Since the winter break I have been focused on updating the non-fiction area of our library to make it easier for students to access the books they want in a quick, independent and efficient manner. I wrote about the first part of the process in this blog post.
Last week I finished the Sports Section. My library assistant changed the call numbers on the books and in the system and I worked on the re-design of the shelves. To make space, I weeded, weeded and weeded some more. If a book was published before 2000, it had to have a really good reason to be kept on the shelf. Otherwise, it got the heave-ho to the weeding pile. The extensive weeding gave me four shelves to use for our new Sports Section.
All call numbers have the Dewey number 796 and then the three letters following that are the actual sport. 796 BAL for Ballet 796 FOO for Football books. I used dividers I purchased from Demco and made labels for each sport. The bottom shelf got tricky as the dividers don’t work there. Instead we found old VCR plastic boxes, wrapped them in some paper and added the label on the outside. It’s not perfect, but until I figure out a better way, it works for now.
If you look closely you may find a few books that don’t have the new call number label yet. Instead of waiting, we moved forward and will catch up this week on the few remaining titles.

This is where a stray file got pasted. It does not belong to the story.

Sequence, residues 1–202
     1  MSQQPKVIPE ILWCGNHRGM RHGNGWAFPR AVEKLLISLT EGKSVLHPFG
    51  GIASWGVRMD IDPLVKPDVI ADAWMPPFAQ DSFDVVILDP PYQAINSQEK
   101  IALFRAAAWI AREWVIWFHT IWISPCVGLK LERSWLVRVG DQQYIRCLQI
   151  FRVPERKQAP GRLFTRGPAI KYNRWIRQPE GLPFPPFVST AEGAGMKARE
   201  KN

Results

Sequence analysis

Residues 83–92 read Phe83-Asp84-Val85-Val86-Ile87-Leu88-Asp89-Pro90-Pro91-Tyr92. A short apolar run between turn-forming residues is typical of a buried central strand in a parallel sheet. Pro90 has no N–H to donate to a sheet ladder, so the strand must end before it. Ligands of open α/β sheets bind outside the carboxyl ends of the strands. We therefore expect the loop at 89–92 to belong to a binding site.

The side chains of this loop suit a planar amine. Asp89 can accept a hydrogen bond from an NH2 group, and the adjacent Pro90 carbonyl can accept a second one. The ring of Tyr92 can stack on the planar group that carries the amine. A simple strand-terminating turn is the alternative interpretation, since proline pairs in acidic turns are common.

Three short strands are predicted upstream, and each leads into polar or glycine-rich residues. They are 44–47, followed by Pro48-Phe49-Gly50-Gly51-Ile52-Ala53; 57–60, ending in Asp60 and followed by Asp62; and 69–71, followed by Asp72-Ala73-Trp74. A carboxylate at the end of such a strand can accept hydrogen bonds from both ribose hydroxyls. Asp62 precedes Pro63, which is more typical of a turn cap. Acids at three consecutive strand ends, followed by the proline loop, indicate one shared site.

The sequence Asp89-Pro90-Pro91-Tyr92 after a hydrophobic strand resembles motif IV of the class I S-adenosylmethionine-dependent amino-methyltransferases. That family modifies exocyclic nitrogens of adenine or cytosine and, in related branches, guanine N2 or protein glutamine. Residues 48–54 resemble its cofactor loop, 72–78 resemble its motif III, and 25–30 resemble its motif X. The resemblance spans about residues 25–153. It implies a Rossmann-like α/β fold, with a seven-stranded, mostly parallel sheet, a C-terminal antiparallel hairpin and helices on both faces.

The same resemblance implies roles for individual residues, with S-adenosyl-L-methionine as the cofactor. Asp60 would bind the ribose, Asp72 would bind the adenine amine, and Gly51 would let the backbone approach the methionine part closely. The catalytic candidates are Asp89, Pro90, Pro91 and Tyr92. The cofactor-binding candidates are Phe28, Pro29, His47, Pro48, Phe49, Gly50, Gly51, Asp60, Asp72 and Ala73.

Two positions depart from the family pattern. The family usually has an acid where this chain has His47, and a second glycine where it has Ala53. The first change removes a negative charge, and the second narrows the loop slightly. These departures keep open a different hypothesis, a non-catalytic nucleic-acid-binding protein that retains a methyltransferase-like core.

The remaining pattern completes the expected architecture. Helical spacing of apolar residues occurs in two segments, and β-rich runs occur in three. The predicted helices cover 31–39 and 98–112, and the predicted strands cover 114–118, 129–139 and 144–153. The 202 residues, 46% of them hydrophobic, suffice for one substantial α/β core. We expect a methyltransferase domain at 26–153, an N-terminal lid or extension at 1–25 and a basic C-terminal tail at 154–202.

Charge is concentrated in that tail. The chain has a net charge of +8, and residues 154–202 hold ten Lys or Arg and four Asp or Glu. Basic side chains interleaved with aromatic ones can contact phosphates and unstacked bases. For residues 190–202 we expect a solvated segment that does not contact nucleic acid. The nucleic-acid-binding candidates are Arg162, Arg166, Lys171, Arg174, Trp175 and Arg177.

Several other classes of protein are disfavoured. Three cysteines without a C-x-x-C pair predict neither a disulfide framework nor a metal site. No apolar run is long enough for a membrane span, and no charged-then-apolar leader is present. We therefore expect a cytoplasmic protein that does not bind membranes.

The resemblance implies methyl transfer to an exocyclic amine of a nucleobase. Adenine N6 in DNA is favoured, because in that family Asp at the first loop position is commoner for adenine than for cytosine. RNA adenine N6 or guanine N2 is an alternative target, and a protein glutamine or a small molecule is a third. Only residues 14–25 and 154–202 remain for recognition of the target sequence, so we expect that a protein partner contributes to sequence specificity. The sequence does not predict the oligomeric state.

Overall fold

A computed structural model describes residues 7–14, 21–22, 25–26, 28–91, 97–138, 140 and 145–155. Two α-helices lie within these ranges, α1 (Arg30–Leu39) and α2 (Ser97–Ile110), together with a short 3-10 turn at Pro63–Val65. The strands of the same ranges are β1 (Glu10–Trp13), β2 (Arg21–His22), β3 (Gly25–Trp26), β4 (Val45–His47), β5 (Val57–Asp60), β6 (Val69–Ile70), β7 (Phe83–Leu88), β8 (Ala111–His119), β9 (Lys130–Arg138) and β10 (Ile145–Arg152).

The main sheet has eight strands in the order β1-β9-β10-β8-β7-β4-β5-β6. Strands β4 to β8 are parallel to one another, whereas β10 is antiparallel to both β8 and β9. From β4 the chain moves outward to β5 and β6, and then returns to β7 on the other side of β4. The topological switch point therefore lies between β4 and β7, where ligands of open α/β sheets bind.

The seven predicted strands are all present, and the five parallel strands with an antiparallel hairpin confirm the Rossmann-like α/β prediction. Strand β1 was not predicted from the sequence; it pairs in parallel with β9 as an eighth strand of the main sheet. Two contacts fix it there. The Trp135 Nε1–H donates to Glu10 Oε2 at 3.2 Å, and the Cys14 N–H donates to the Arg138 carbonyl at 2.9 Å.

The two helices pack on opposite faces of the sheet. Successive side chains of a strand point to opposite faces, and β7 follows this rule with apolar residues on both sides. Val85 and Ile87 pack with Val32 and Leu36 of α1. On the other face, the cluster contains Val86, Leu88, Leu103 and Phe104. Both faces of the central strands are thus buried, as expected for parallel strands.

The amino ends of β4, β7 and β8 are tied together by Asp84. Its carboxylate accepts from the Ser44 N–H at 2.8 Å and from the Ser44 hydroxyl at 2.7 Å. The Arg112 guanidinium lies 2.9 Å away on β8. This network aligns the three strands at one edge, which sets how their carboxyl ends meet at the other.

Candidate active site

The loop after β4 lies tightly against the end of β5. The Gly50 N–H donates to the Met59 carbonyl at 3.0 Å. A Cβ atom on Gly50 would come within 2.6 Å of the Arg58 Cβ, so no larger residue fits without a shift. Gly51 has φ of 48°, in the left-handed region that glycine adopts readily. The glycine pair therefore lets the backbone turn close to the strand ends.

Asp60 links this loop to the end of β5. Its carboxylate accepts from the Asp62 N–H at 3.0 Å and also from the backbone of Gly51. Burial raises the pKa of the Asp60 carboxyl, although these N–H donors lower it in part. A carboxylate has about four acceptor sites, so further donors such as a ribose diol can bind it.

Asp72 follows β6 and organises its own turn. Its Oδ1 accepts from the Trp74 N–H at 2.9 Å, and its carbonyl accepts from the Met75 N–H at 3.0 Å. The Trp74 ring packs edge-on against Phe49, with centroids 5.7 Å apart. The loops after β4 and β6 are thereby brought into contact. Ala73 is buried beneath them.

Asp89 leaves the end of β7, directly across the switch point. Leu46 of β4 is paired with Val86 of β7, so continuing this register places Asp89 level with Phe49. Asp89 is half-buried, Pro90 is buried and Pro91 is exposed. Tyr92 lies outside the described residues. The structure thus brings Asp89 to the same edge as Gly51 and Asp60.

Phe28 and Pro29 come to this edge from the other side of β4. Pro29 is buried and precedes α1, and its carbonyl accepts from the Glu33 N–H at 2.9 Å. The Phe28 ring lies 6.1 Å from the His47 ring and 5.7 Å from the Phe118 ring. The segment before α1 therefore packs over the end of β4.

The student reaction proved immediately that the work was worth the trouble.
One girl exclaimed, “I didn’t know we had camping books! My family loves to go camping!” The camping books are checked out and have gone home with a happy student.
The labeling system worked well with my young, intermediate and ESL students. The clipart and the sport clearly indicate each sub-section of sports books. I also found holes in my collection. We have a LOT of baseball books, but absolutely no track and field books. I don’t think I would have easily figured that out without this system in place.
Of course, this is a work in progress. We need to go back to the land mammals and finish that up. I had the chance to visit the library in Budapest that I based the system on. I’ll be writing more about that in an upcoming post.